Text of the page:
So yes, finding a dog that is going to fit your lifestyle is important. Or if you're willing to adapt your lifestyle that seems to work okay too -- Cisco got me involved in agility, which has in turn led me to getting involved in other dog activities and getting a puppy with this in mind.
 

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It's a bit of both, a 'show' line might be a bit more laid back and calm, but it's how the dog is handled and raised as well - if you don't allow puppy to act hyper or race around the house, they're more likely to be calm and quiet. Also depends on food, how much exercise and training and so on. Best thing to do is to write down what your 'ideal' golden is and then pass that information on to the breeder and let them pick your pup out for you.

Lana
 

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This is absolutely true, and it can also vary from pup to pup inside a litter. I've had both extremes: blondie "show dog" Acadia was committed to her couch, mild and mellow, loved to be brushed and lagged behind on hikes; field bred Finn is dynamite, running hard for hours on hikes, cannonballing off the dock after a stick, total intensity at obedience. . .Finn is my true love, but he would not have been a dog for a nonactive person. Acadia was just too lazy for me, even though I loved her dearly.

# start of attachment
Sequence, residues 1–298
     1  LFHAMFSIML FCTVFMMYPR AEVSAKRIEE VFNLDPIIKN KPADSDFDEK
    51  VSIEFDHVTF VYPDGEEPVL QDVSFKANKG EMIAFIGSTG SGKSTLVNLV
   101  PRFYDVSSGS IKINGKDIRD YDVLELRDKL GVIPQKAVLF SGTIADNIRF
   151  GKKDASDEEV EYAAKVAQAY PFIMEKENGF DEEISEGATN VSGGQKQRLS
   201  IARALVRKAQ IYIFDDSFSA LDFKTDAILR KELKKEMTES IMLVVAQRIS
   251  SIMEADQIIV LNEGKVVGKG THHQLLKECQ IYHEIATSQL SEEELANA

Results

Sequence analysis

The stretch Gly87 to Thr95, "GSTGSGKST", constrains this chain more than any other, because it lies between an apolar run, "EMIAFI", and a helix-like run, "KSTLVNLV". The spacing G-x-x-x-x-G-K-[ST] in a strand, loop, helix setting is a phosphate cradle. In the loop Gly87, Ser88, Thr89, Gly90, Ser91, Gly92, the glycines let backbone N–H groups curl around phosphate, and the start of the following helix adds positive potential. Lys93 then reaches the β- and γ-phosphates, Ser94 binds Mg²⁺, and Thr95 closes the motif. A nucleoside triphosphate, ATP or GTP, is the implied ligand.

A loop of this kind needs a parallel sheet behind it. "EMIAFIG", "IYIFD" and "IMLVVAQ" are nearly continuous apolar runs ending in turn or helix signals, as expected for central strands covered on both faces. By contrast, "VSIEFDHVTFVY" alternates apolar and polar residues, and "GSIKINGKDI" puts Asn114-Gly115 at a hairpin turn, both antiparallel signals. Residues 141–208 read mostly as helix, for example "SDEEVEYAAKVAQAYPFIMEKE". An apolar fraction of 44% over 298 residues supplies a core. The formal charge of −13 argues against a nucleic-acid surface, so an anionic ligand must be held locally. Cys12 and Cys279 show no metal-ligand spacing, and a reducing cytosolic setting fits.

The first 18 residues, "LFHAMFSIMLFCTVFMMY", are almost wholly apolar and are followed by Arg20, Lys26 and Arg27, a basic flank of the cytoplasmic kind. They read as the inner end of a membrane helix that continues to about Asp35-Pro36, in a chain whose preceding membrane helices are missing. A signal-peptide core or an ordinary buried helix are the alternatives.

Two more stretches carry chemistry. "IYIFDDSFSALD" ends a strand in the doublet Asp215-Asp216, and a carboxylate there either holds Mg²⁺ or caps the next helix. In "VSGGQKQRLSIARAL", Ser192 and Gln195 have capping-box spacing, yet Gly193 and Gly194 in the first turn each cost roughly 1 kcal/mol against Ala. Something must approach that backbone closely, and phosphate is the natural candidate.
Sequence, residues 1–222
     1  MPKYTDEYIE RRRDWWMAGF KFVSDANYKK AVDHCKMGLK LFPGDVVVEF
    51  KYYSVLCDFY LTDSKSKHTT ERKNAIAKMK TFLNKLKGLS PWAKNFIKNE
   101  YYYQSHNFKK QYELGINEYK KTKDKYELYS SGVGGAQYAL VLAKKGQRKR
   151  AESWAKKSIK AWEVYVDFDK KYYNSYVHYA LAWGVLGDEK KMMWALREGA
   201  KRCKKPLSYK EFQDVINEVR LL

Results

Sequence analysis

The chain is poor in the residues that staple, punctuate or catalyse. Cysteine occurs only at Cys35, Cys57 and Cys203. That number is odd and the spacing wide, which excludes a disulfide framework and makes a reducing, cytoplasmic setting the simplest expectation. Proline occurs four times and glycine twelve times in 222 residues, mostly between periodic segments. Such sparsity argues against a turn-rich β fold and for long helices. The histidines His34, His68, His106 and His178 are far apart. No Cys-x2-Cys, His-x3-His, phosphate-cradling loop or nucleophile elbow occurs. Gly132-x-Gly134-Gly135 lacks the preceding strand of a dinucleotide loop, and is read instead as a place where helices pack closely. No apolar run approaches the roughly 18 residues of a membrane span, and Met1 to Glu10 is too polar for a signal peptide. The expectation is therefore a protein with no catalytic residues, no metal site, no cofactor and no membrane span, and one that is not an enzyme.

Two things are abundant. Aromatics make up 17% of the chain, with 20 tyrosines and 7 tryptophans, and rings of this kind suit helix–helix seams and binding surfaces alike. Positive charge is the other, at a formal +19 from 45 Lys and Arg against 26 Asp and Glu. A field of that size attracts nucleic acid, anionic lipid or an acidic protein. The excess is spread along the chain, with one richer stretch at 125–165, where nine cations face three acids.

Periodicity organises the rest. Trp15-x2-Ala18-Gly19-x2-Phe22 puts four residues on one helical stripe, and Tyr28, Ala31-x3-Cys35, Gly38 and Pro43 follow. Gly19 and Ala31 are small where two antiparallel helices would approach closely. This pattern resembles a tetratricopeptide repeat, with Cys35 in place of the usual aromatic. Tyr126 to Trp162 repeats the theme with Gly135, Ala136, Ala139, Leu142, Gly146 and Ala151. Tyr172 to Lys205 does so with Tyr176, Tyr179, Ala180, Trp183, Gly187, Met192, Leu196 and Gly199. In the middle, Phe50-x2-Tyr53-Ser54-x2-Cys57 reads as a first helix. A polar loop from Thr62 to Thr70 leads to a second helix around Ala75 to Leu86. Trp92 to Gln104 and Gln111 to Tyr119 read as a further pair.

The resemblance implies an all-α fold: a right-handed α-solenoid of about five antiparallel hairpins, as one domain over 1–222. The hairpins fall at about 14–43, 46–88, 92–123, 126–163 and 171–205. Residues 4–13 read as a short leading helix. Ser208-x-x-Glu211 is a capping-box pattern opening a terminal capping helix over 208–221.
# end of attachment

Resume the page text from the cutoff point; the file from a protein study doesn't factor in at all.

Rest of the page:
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The field/show distinction doesn't always help, since lots of show dog are high energy, and lots of field litters will produce a couple of laid back pups. Knowing the kind of personality the parents had and the kind of personality the breeder was trying to produce with the litter is important.

Also, a really good breeder will be temperament testing the pups and have a strong idea of which ones will be more active and which ones will be more laid back. If you have a good conversation together about the lifestyle the pup will have, the breeder may have a suggestion.

When we picked out Ajax over the weekend, the breeder had him in mind for us. The choice was ours, and we evaluated all the puppies carefully, but she was right that the drivey, proud dog with the great movement was the one we would want over the meeker dog with the more correct color or the mellower, more people-oriented dog my sister took for her family.